Well here's a shock. We know that after a year of shrieking about deficits, if Democrats propose anything that might actually create jobs the Republicans will have a hissy fit They don't care about the suffering of the people and they only believe in Keynesian economics to the extent they can use it to keep anyone from raising taxes on the filthy rich.
And it turns out that even if President Obama proposes conservative programs they won't be the right kind of conservative:
Following a few dismal weeks on Wall Street and talk of a double-dip recession, President Obama will soon announce a new jobs plan that is expected to include an extension of payroll tax cuts, new revenue for transportation projects and an extension of emergency unemployment benefits for the 9.1 percent of Americans who still can't find a job. Obama's campaign advisor, David Axelrod, said on Sunday that there's nothing in the proposal "that reasonable people shouldn't be able to agree on" — but many fired-up Republicans are already preparing to reject whatever the President puts on the table.
“This is the seventh or eighth or ninth time we’ve heard the president talk about producing a plan,” Republican strategist Karl Rove said on Fox News Sunday. “And each time that he’s gotten around to tossing an idea out on the table, it has included only more spending, more deficit, more debt and the American people are fed up with it.”
If people still think the Republicans aren't making the case that deficit reduction will result in more jobs, they need to listen a little bit more carefully.
The GOP is also coming out against extending the payroll tax cuts. Yes, I know that takes some special chutzpah considering that they have made the Bush tax cuts for the wealthy a sacred cause. But giving tax breaks to workers will cost
"It's always a net positive to let taxpayers keep more of what they earn," Rep. Jeb Hensarling (R-Texas) told the AP, "but not all tax relief is created equal for the purposes of helping to get the economy moving again."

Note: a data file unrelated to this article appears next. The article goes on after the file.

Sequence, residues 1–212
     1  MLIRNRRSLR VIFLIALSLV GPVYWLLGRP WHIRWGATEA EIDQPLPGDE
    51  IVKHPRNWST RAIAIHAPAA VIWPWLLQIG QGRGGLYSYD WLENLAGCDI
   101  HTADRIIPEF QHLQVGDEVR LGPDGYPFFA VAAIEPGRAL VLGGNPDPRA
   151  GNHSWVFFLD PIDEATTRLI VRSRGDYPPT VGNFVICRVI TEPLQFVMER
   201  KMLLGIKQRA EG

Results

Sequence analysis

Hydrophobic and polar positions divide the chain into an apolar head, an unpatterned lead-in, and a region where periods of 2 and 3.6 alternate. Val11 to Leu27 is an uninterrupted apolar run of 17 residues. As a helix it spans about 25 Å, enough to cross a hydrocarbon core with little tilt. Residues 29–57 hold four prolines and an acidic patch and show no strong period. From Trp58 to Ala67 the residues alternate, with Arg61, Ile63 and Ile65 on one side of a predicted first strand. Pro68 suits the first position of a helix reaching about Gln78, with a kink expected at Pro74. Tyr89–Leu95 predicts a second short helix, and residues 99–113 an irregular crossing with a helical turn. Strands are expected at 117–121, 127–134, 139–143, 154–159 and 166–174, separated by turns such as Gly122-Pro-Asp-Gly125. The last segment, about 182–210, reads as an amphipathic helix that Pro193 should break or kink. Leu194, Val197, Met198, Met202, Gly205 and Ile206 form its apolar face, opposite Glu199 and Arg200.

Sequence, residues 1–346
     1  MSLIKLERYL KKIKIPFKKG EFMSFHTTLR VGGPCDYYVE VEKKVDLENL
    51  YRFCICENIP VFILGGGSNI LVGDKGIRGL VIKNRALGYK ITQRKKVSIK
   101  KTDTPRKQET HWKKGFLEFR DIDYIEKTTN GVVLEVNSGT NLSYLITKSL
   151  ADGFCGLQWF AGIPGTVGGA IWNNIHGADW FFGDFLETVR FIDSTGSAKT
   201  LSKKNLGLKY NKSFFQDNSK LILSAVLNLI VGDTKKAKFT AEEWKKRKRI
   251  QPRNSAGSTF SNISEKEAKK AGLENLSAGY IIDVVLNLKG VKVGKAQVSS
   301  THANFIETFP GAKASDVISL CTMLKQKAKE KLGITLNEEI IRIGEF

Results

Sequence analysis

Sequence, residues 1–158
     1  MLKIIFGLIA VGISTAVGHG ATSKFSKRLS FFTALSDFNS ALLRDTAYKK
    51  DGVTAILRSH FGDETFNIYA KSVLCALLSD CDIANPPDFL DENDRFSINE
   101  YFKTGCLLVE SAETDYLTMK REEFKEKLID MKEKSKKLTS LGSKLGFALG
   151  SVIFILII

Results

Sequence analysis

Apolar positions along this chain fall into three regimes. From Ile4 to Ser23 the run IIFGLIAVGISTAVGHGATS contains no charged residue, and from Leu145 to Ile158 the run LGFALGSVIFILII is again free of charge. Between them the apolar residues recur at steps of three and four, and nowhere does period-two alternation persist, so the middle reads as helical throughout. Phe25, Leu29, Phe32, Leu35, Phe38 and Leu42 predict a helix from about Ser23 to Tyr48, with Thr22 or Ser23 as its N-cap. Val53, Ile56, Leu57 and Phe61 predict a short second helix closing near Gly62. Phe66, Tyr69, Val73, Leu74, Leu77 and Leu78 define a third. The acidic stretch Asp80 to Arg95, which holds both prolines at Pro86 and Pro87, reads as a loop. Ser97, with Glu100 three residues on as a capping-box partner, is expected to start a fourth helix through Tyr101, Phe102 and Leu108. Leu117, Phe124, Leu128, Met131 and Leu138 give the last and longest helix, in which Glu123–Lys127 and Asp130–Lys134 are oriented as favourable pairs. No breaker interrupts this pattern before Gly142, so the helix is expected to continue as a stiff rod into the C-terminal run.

Rep. David Camp (R-Mich.), chairman of the Ways and Means Committee, said he also opposed the 12-month tax cut because it would cost the government about $120 billion next year if it were renewed.
I'd laugh if I I didn't think they will get away with it. After all, nobody's making a coherent case for anything so why should they even try to make sense? Axelrod called them hypocrites, which I'm sure was very painful for them to hear. But in the end, we're left with an argument between Democrats as to which tax cuts are preferable at the same time they are both saying the looming deficit is the greatest threat the world has ever known. And Democrats are complicating this even more by insisting that we also must "invest" for the future. I think they'll have to forgive the average person for not understand what the hell they are all going on about.
And as for the inevitable critics who say that i'm being cruel and unfeeling by saying that Republicans don't care about the pain of the average person, get a load of this:
Republicans are also pushing back on Obama's plan to extend emergency unemployment benefits. Gov. Bob McDonnell (R-Va.) said on Sunday that, while he would "consider" supporting the payroll tax cuts, he is less enthusiastic about unemployment insurance.
"I don't think that creates jobs," he said on CNN's "State of the Union." "It lessens the pain. The problem is we need to have things that create jobs, not just promote benefits for people that are not working."
The last thing you'd want to do is "lessen the pain" of the American people. Makes 'em weak. Maybe we could institute a prospective tax for these lazy malcontents, in which we bill them later for taxes they should have been paying when they were unemployed. It's the least they can do to repay the largesse bestowed upon them by the job producers who are being asked to pay taxes even though they feel oh so uncertain about the future.